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Teachers and Davis School District have broken off 1989-90 contract talks until July when bids are expected in for a troubled insurance program.

Steve Sirkin, Davis Education Association executive director, said both sides suspended negotiations because of the uncertainty of how much a retooled insurance program will cost employees. Rising insurance costs could dilute a salary increase that the teachers have requested."The district has indicated they do not have sufficient funds to cover the full cost-of-living increase that the DEA has proposed," Sirkin said.

Kathie Bone, DEA president, said the association and district have agreed to not discuss the specific amount teachers want this year, but said a 3 percent increase in the weighted pupil unit approved by the Legislature was being cut into by the insurance issue.

Negotiations were suspended after nine sessions and 19 hours of meetings.

Faced with a 22 percent rate increase from the current insurance carrier, the district has formed a committee and hired an insurance broker to help retool the insurance plan. Bidding for the new plan is expected on July 20.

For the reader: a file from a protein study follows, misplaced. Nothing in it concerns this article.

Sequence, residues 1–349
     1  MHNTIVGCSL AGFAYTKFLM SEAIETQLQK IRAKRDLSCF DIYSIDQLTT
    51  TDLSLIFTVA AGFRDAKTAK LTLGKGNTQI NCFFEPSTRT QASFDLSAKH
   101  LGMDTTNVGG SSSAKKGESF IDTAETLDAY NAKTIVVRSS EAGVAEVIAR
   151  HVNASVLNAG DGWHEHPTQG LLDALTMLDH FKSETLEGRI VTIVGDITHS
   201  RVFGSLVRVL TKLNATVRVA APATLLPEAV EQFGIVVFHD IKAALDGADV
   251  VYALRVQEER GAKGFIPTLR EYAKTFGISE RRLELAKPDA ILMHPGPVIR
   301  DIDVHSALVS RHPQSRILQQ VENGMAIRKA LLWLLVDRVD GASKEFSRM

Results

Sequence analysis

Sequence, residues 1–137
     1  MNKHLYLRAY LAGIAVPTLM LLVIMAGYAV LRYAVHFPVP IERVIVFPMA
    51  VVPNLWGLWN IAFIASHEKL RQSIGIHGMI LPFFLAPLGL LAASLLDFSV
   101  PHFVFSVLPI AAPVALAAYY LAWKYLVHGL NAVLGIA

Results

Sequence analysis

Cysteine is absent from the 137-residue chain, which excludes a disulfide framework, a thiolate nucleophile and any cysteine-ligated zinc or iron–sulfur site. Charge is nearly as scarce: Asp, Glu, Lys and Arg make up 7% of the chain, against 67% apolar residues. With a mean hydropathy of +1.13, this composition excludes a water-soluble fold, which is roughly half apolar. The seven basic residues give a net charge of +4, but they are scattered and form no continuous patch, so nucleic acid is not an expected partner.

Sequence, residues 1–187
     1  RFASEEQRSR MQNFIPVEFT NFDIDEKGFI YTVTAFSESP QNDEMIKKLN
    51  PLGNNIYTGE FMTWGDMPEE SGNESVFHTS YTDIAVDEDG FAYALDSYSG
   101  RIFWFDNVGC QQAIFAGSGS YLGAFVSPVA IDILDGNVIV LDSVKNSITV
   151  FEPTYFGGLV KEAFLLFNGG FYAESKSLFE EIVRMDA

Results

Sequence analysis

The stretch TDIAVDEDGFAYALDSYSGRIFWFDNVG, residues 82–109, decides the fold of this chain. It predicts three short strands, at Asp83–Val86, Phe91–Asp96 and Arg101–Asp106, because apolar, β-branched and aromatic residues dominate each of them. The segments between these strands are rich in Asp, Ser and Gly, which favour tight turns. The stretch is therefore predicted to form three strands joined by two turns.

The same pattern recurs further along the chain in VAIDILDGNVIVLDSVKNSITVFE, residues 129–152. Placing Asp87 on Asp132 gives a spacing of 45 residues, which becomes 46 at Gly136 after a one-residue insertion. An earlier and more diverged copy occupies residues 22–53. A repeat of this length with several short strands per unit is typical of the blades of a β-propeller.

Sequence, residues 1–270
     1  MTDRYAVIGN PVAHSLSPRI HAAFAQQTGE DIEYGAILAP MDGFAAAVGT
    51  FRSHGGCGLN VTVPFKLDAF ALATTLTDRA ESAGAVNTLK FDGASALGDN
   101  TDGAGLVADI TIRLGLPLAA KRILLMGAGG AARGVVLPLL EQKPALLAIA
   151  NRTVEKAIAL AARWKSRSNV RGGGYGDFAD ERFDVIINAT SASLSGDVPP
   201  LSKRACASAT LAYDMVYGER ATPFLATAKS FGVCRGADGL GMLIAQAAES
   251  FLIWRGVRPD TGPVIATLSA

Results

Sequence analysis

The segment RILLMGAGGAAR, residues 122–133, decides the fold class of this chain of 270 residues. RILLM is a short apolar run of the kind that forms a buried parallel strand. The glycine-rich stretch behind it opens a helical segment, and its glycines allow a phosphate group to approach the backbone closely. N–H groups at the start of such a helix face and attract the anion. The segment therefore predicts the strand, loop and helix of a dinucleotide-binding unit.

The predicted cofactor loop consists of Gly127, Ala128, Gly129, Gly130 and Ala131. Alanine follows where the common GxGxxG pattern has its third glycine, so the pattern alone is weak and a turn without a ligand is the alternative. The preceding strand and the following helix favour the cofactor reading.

"DEA's team is prepared to go back to the table as soon as the bid has been established," Sirkin said.

District officials have said if they were to stay with its present insurance carrier they will have to come up with $1.8 million to cover the increase. That is $500,000 less than the Legislature appropriated for the district to cover rising insurance costs.

Davis teachers have gone without a pay increase for four years. Last year the DEA asked for a 4.3 percent wage hike, but instead helped pay off a $1.2 million insurance fund debt.

The DEA has also taken a stand against increasing class size to increase teacher wages. Conversely, the association does not support decreasing class sizes if means cutting salaries.

"In the past, growth has been used a source of covering some costs for salary increases. If the money is used for that purpose next year it would mean an increase in class size. DEA is committed to no increase in class size. However, class size reductions can not come at the expense of teachers," Sirkin said.

Several districts across the state have already reached salary settlements. Logan District teachers received a 4 percent salary increase through an increase in health insurance deductibles. Teachers in Heber District gained a 4 percent increase without a change to their health care plan, Sirkin said.